That's my little girl Isabella's Teddy. He's forty years old. Back when my wife was a little girl, her own mother brought Teddy home from Italy. He's so well made that he's lasted all this time.
Lots of nights we have talks about Teddy. Isabella wants to know about when her mom was little and how she played with Teddy, too.
As things age, they collect stories. Stories of our families that connect us to them.
In my own case, I have a pair of my grandfather's cufflinks and his watch. When I have to give a talk or go to a meeting that tests my confidence, I wear them. It makes me feel like something about him is there backing me up.
In other words, when things are made well, and they last, we can often get way more pleasure from them than we might from something new. We come to cherish our things. We come to cherish our lives.
Yet, these days, instead of making things to last, manufacturers make things to break. Everything from poorly made Teddy bears to watches you throw away when the battery runs out to cell phones and even fridges.
When you think about it, it's crazy.
Things are built to break or go out of date, so that we have to work really hard to buy the same things over and over again. Meanwhile, remaking all of this stuff plunders our planetary resources and makes for clouds of carbon dioxide which causes global warming.
What if we only had to buy our possessions once? Our telephones, once. Our computers, once. Our furniture, once. Our watches, once. Our teddy bears, once.
Maybe the objects we surround ourselves would end up being like old friends. Maybe, with having to manufacture so much less, we'd end up with is a more healthy planet along with a lot more fond memories.
Shopping is an American social pastime, but the problem is that shopping from "want," instead of from "need," causes the use of planetary resources we can't afford to burn. We talked about this a little here.
Yesterday, I mentioned how much fun my daughter Isabella had running out to a farm field to harvest vegetables. Harvesting? Shopping? Harvesting? Shopping?
Wait! Aren't they kind of the same thing?
Here are the excellent thoughts on the subject of a regular reader and commenter, who calls herself Linda from Deerfield:
keep thinking about Isabella being thrilled by "going out into the
field to harvest a squash". Am I imagining things, or does this not
point to a gloriously healthy direct substitute for shopping?
I read about a potato farmer who ran out of harvest time and
profitability, so he invited the public to dig their own and take them
home -- much to his surprise, literally thousands came. I once took my
friend and little one to a rural orchard, mistakenly assuming that few
people had discovered the delight of an afternoon plucking apples and
sipping cider -- I was stunned by the huge line of families in cars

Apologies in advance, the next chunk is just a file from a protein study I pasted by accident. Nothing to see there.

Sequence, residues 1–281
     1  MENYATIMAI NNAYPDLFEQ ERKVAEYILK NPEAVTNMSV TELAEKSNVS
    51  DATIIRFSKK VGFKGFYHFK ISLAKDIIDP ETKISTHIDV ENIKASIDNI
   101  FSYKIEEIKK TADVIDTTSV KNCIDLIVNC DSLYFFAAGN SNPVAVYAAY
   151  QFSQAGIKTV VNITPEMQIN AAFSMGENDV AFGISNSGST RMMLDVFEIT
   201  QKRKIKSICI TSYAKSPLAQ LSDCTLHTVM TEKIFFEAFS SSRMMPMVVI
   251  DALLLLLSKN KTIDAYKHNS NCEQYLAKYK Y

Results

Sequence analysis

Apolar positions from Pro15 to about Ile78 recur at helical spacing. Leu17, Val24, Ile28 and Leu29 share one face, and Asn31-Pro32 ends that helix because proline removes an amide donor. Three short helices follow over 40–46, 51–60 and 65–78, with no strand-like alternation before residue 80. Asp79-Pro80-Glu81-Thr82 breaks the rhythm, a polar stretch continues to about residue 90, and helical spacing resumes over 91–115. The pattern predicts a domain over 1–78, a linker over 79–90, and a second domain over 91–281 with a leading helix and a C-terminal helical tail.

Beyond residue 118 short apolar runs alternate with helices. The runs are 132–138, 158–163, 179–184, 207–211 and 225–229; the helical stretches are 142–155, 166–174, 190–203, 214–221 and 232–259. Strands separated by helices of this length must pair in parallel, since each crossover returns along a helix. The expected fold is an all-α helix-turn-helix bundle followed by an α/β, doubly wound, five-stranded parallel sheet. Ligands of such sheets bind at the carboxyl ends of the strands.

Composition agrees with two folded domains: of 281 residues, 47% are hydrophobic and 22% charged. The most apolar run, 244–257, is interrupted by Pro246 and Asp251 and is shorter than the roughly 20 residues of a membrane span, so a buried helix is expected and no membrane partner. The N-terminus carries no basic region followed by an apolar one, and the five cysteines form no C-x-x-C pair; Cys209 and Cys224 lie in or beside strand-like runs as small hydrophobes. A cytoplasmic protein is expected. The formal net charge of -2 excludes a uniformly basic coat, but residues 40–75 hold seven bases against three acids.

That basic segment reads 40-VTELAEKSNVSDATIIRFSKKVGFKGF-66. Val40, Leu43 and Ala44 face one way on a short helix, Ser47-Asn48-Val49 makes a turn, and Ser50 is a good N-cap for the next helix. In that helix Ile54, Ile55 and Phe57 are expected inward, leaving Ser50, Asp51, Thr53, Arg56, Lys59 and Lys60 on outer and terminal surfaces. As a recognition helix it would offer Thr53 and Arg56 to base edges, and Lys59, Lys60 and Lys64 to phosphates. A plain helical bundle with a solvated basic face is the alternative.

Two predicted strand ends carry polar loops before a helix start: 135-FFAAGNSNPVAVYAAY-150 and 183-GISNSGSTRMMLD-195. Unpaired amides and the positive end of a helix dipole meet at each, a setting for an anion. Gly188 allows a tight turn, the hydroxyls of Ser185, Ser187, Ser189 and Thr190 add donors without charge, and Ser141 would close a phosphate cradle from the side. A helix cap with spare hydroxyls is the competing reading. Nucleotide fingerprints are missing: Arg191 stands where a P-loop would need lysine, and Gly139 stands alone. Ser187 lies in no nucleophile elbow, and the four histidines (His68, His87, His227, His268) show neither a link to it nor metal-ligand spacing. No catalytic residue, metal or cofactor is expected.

waiting to pay their fee and gain entry.
There is evidently a great hunger within us to harvest our own food,
but still we stand by and let the orchards and farms fall to developers.
Ask my little girl Isabella what she wants to eat and it's either a. grilled cheese sandwich or b. peanut butter and jelly. Suggest that she should eat her spinach, broccoli or brussels sprouts first and you get an encyclopedic explanation of why she can't eat it--it doesn't taste good, it's too hot, you have to chew it too much, etc etc etc.
But the other weekend we stayed with our friends Rachel and Steffen Schneider at Hawthorne Valley Farm (from which we buy our produce as part of local eating). Rachel took Isabella out into the field to harvest a squash and then they cooked it together. Isabella wolfed it down.
The picture above shows Isabella with a squash she picked out of our own community garden today. We also harvested some lettuce. Isabella can't wait to eat them both.
So, if your child is anything like mine, here is what you have to do to get your child to eat just about any vegetable: let them grow it for themselves!
See that picture? That's where I stayed last week for some quick R & R in the countryside. An incredibly beautiful place.
At lunch one day, I briefly met two women, sitting at the next table. While I was eating, I overheard one say to the other, "Do you think there will be enough shops in town to keep us occupied?"
Here we were, on a mountain. By a lake. With horses. And canoes. My new friends were only here for one day. But the only thing they could think to do was leave and go shopping.
I'm not judging. I just feel sad.
I think we tend to know what we're taught. And instead of being taught to enjoy our beautiful habitat, so many of us have been taught to shop, and by the associated resources use, contribute to its destruction.
If a mountain is reflected in a lake, and we're all too busy too notice, is it still beautiful?
Click here Two years ago we launched the No Impact Project, a charitable effort to get new citizens engaged in the quest for a way of life that is both good for our habitat and for people. As a result, people around the world are getting involved and making an effort. Please click on the link to find out more and to financially support our efforts.